Three hours before scheduled execution, the Court granted a reprieve to the inmate in order to review a Texas law that prohibits religious advisors from audible prayer or physical contact during executions.
The U.S. Supreme Court halted the execution of a Texas inmate just hours before it was scheduled to occur. The condemned, John Henry Ramirez, had requested that his pastor be allowed to pray over and lay hands on him in the execution chamber and was denied. The court will now review a Texas law that prohibits clerics from vocal prayer and physical contact during executions.
The New York Times reports that Ramirez was sentenced to death in 2008 for the 2004 murder of a convenience store clerk during a robbery. He then fled to Mexico where he escaped justice for nearly four years before his arrest. Over the course of his incarceration he befriended the pastor of Second Baptist Church in Corpus Christi, Dana Moore. It was Moore who Ramirez wished to pray over and lay hands on him as he died.
According to National Catholic Register, the reprieve came about three hours before the scheduled execution. The Court decided to act after reviewing a lawsuit Ramirez filed, which claimed infringement of religious liberty. The case was referred to the court by Justice Samuel Alito.
The suit challenges a 2019 Texas law that banned religious advisors from the chamber. The law stipulated that only Texas state employees are allowed in the chamber during executions. A 2021 amendment has since allowed religious advisors of any creed to accompany the condemned. Even with this update, however, they are still prohibited from praying aloud or touching. The state cites such actions as “security risks.”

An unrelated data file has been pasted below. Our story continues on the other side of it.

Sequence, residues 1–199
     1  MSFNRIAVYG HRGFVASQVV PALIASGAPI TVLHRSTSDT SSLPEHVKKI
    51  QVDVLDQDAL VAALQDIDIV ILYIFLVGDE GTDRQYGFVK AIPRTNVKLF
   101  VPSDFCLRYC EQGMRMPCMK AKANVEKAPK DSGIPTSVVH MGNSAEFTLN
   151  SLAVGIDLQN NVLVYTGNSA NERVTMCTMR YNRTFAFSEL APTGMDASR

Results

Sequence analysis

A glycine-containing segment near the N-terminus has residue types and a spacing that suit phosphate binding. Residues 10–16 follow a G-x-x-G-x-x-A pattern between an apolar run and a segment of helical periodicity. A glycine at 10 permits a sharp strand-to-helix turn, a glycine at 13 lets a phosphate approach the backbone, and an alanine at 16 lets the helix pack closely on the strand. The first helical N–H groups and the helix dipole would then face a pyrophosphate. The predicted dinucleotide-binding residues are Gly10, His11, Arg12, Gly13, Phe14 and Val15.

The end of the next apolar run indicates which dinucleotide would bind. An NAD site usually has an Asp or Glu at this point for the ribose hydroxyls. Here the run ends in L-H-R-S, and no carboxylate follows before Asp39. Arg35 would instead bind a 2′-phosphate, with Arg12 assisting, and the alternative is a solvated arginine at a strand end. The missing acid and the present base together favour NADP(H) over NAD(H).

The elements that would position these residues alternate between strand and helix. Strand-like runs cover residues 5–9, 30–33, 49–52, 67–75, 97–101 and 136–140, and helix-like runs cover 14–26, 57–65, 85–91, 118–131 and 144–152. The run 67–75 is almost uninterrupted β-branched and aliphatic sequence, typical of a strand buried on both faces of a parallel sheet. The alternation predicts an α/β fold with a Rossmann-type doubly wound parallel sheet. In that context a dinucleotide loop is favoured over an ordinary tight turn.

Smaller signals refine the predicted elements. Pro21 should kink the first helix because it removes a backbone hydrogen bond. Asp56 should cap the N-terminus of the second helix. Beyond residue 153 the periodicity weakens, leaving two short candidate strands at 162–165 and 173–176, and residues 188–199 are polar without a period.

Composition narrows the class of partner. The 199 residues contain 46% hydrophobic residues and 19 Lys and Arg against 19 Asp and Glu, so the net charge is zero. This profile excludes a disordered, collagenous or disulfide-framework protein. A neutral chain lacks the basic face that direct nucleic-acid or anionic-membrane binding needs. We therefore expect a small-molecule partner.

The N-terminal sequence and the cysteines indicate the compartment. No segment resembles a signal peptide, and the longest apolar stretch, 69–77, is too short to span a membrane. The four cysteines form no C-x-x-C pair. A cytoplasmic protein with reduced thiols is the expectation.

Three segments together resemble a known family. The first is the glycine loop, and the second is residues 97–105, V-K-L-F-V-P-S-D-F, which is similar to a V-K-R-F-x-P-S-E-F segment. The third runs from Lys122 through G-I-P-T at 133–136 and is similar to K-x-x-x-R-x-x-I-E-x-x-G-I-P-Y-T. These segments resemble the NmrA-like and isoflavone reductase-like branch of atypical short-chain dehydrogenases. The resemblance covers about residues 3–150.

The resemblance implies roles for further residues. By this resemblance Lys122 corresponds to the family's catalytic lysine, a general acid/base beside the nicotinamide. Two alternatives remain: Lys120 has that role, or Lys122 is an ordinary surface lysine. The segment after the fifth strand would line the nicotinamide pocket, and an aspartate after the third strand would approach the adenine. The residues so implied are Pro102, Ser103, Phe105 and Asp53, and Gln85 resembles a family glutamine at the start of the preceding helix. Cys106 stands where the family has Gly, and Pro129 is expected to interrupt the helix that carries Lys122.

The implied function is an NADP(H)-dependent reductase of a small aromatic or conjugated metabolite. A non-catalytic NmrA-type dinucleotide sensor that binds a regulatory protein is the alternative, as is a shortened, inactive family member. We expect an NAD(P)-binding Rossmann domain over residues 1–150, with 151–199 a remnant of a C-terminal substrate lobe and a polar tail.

The case will be argued by The Becket Fund for Religious Liberty. Eric Rassbach, vice president of Becket, hailed the decision to halt the execution. He told NCR:
“We welcome the Court‘s decision to set this case for argument this fall. This issue deserves the Court’s, and the country’s, full attention. We will urge the Court to recognize that the age-old practice of comfort of clergy is protected by the United States Constitution.”
Attorneys working on the case will argue that the Texas Criminal Justice Department’s policy is in clear violation of Remirez’s constitutional rights. They will cite the long tradition of audible prayer by clergy at the moment of death. This tradition, they say, predates the founding of the United States.
“Respectful, nondisruptive — but audible — prayer at the time of executions,” said an amicus brief from Becket. “Such expression was key to both the solace and spiritual help sought by the condemned and the guiding role the clergy sought to provide.”
According to the brief order issued by the Supreme Court, the case will be argued in either October or November 2021.